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Medical Treatments

After your initial consultation, including a thorough history, physical examination, and a panel of diagnostic tests, you physician should be able to suggest one or more treatment option(s). The most commonly recommended treatment options follow. Please note that this is general information, and that you should always follow your physician’s instructions.

  1. Antioxidants: Your doctor should be able to recommend a vitamin supplement that is high in antioxidants like vitamin E and vitamin C. Antioxidants combat reactive oxygen species (ROS), which are molecules with an extra electron. ROS in excessively high levels can cause minor injury to cells in the genital tract, including sperm. Antioxidants can be found in supplements such as Male Fertility Supplement.
  2. Carnitine: Carnitine is found in high concentrations in the epididymis and is thought to improve sperm motility. Studies are currently underway to confirm or refute this hypothesis. Carnitine can be found in supplements such as Male Fertility Supplement.
  3. Arimidex (anastrazole): Originally designed for breast cancer patients, this drug has been found to be useful in the treatment of male factor infertility. This tablet, taken once daily, is generally not recommended for use over 1 year, unless directed by your physician. Anastrazole has been shown to improve the ratio of testosterone to estradiol, as well as improve semen analysis parameters. Side effects may include headache, diarrhea, nausea, back pain, weakness, and reduced energy.
  4. Clomid (clomiphene citrate): This drug comes in tablet form. This drug binds to estrogen receptors in the hypothalamus and pituitary glands in the brain. In doing so, they block estrogens from binding there, thereby stopping estrogen from inhibiting the production GnRH. Enhanced GnRH production leads to greater LH and FSH levels, promoting the production of testosterone, which may improve sperm production. Side effects may include increased energy, improved mood, and libido.
  5. Human Chorionic Gonadotropin (hCG): hCG behaves much like LH, stimulating the Leydig cells of the testes to produce testosterone. This injectable medication is commonly recommended for patients diagnosed with hypogonadotropic hypogonadism, a condition in which sperm production is hampered due to deficient levels of LH and FSH.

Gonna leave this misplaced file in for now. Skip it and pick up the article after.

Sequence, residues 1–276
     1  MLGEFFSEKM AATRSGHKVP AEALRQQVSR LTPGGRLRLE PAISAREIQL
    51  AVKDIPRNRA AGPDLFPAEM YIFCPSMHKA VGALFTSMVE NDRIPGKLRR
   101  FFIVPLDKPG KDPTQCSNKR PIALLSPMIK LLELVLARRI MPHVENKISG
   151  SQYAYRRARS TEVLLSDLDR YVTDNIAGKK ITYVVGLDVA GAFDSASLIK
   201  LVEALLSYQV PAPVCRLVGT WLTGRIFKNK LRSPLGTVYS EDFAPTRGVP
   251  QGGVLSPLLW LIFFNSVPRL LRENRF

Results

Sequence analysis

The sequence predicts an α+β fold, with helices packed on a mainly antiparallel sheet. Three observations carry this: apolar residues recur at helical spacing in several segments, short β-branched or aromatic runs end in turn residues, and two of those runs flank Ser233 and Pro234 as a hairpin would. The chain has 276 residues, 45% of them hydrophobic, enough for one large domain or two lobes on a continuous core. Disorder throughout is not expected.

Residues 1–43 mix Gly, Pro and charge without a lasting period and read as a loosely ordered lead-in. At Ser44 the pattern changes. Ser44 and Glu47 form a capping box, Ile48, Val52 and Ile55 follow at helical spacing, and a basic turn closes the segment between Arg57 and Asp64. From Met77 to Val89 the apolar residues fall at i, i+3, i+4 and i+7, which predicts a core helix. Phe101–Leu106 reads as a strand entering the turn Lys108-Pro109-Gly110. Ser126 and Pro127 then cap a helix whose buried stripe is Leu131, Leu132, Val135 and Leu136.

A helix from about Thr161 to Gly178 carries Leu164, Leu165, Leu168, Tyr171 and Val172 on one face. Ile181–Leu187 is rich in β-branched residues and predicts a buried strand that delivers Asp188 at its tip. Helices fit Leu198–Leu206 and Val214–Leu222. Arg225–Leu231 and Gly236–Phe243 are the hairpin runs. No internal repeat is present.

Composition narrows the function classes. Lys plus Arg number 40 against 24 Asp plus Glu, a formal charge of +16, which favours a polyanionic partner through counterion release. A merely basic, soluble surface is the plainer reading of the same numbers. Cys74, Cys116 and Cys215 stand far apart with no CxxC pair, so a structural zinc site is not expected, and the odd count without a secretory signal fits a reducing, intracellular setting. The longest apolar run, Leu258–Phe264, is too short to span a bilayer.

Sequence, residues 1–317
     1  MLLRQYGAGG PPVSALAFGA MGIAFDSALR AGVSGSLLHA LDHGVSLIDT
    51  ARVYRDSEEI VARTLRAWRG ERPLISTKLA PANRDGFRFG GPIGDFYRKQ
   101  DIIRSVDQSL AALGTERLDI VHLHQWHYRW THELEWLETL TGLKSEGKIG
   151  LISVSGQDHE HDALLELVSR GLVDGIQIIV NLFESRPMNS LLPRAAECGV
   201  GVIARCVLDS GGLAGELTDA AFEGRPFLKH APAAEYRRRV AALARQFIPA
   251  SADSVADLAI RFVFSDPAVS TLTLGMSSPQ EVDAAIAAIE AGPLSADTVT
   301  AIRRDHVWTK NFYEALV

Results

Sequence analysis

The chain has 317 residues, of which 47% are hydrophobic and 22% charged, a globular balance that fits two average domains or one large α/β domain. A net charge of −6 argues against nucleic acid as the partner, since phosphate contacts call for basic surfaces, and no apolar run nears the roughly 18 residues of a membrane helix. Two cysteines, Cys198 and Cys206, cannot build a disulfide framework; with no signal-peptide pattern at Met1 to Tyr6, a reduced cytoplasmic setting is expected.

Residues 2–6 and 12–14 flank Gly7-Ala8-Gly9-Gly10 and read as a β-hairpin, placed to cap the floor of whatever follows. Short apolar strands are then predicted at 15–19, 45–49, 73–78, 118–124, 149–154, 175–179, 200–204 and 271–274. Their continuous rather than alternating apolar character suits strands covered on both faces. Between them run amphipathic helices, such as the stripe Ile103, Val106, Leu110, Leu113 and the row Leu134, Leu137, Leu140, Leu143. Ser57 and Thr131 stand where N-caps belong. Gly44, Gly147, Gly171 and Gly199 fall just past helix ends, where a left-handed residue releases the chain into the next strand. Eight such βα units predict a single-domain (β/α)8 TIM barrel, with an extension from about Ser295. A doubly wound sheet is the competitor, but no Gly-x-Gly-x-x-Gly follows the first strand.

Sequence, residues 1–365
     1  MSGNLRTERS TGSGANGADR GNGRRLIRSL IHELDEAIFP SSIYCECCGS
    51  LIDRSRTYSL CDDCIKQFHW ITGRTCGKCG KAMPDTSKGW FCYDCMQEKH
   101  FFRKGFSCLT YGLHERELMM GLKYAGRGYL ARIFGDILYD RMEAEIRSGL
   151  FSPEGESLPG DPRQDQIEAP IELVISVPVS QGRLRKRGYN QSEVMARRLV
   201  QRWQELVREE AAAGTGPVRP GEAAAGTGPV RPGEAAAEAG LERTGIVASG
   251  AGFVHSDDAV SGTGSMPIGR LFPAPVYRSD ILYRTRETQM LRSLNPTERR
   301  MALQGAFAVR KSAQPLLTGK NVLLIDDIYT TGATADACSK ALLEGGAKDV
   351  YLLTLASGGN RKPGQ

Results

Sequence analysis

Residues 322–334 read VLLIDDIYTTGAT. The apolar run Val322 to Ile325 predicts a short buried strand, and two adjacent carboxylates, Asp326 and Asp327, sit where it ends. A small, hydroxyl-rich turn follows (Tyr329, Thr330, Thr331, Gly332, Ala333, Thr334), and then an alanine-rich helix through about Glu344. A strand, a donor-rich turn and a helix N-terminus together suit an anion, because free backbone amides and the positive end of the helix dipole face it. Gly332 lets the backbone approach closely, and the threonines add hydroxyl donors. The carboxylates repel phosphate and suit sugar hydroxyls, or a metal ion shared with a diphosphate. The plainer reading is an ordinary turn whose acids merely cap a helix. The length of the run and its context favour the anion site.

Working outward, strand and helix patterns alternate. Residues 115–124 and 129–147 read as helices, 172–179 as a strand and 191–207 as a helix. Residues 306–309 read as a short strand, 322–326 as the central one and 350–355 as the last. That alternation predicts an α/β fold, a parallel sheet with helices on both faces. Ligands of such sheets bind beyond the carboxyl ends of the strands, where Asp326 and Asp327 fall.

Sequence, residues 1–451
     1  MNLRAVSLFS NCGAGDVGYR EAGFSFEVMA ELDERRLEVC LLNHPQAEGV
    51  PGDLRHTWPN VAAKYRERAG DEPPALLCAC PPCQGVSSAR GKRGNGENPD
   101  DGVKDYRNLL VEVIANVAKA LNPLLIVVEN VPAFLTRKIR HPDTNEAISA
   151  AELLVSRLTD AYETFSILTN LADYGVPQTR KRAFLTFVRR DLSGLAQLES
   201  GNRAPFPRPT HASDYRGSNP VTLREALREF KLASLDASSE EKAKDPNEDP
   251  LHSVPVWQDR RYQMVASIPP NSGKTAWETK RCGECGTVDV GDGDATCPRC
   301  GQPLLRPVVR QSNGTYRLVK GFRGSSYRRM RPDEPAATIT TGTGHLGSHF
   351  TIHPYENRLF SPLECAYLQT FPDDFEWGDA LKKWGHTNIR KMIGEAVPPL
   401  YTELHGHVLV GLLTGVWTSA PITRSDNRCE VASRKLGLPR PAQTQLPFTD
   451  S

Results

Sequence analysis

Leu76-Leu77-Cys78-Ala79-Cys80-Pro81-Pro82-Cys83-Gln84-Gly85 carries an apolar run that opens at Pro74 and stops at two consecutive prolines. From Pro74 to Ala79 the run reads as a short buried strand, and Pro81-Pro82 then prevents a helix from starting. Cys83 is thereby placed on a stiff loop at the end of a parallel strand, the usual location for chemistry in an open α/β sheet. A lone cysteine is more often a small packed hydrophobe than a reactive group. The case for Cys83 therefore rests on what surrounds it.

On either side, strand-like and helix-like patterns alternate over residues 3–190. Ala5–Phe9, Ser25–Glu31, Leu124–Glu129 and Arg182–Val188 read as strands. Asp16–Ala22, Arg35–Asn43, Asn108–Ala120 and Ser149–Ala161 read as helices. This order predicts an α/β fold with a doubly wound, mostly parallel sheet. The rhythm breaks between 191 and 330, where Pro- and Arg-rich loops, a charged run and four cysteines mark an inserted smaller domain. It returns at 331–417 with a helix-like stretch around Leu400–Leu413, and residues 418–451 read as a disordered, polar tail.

Click here for a demonstration of how to use an injectable medication.

Medications for Erectile Dysfunction (ED)

The listed medications are the most commonly used medications in treating erectile dysfunction. They are phosphodiesterase-5 inhibitors (PDE-5),  which relax the arteries of the penis, which allow it to fill with blood, resulting in an erection. They generally do not result immediately in an erection; you still must be aroused in order to attain an erection. If you are interested in these medications, be sure to tell your doctor if you suffer from high blood pressure or have diabetes or heart problems. You should not use these medications if you are using nitrates for a heart condition. The side effects are generally mild and transient. They include headache, stuffy nose, muscle aches, and flushing.

Be sure that you are taking these drugs exactly as instructed; 40% of med who have not responded to Viagra will respond after receiving proper instruction on use of the medication.


  1. Viagra (sildenfil citrate): The pill originally intended to treat heart disease is now used to treat erectile dysfunction. This particular PDE-5 agent can cause, on rare occasions, blue-green shading of vision due to high blood levels of the drug. This temporary and poses no long-term risk. Viagra usually works 1-4 hours after you take it. For more information, you can visit
  2. Cialis (taladafil): This tablet is similar to Viagra, though it may have a longer duration of action. For more information, you can visit
  3. Levitra (vardenafil HCl): This tablet should be taken approximately 1 hour before sexual activity. For more information you can visit
  4. Caverject (alprostadil): This ED medication is injected directly into the corpora cavernosa of the penis. For more information you can visit
  5. MUSE: MUSE is a urethral suppository of alprostadil, eliminating the need for injection. It is inserted directly into the penile urethra using a small, narrow tube. This application of the drug, however, decreases the effictiveness to 40%. Side effects include a burning sensation in the penis and prolonged erection. For more information you can visit

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